Already facing a potential storm of protests when he visits Turkey later this month, Pope Benedict will not be recieved by the Turkish prime minister in what the Italian press were calling a major snub to the pontiff.
The pope's lecture in Regensburg caused fury throughout the Islamic world
The Italian press on Thursday saw a snub in the fact that Pope Benedict XVI will not meet Turkish Prime Minister Recep Tayyip Erdogan during his November 28-30 visit to Turkey.
Erdogan will instead attend the November 28-29 summit of the North Atlantic Treaty Organization (NATO) in Riga, Latvia.
"The Islamic premier will go abroad so as not to receive the visiting Benedict XVI," said a headline in the daily La Repubblica. "Erdogan avoids meeting with the pope," said a Corriere della Sera headline.
"Elections are approaching, and maybe... the prime minister thought that not meeting the pope would mean one problem less in the electoral campaign," Ruggero Franchescini, the archbishop of Izmir, Turkey, and president of the Conference of Catholic Bishops there, told Corriere.
Turkey is set to hold presidential elections in the first half of 2007, followed by general elections late in the year.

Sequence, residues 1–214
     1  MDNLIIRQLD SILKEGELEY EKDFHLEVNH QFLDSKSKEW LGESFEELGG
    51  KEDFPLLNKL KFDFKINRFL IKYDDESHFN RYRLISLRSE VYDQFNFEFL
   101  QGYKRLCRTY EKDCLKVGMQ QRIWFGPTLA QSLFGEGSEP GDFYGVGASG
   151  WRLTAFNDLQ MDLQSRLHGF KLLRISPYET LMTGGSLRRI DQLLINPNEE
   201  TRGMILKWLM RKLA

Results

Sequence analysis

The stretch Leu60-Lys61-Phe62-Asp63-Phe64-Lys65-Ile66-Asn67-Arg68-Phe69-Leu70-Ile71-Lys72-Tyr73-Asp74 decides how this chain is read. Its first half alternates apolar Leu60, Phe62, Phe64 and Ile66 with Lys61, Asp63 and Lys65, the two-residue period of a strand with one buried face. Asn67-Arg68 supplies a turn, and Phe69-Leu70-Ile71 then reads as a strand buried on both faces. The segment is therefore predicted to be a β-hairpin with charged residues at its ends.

Benedict will be making the trip, his first to a Muslim country since his election as pope in April 2005, under a cloud because of remarks he made in September linking Islam to violence.
Vatican attempts to diffuse possible conflict
Erdogan will be elsewhere when the pope comes calling to Turkey
The Vatican played down the importance of the apparent snub by the Turkish prime minister, a practicing Muslim with roots in Turkey's Islamist movement. Erdogan would have been the first Turkish prime minister to ever meet with the head of the Catholic church.
"Benedict XVI will meet other authorities representative of the country," the Vatican spokesman, Father Federico Lombardi, was quoted as saying Wednesday by the ANSA news agency.
He said: "The detailed program was not yet furnished... and so we never said whom the pope would meet in Turkey. It was never said that the pontiff would meet all the authorities."
The pope provoked an outcry with a theological lecture at the University of Regensburg, Germany, in which he referred to a 14th-century Byzantine emperor and implicitly denounced connections between Islam and violence, particularly with regard to jihad, or "holy war."
Shots fired during pope protest
Mulsim anger over the pope's speech is still apparent
Meanwhile, a Turkish man fired shots into the air outside the Italian consulate in Istanbul Thursday in an apparent protest against the pope's planned visit to Turkey. As police moved in to arrested the man, he shouted "How happy I am to be a Muslim."
Vatican spokesman Federico Lombardi told broadcaster Sky Italia the incident would not lead to any change in the pope's visit. "The protests in Istanbul are marginal. The trip will go ahead as planned."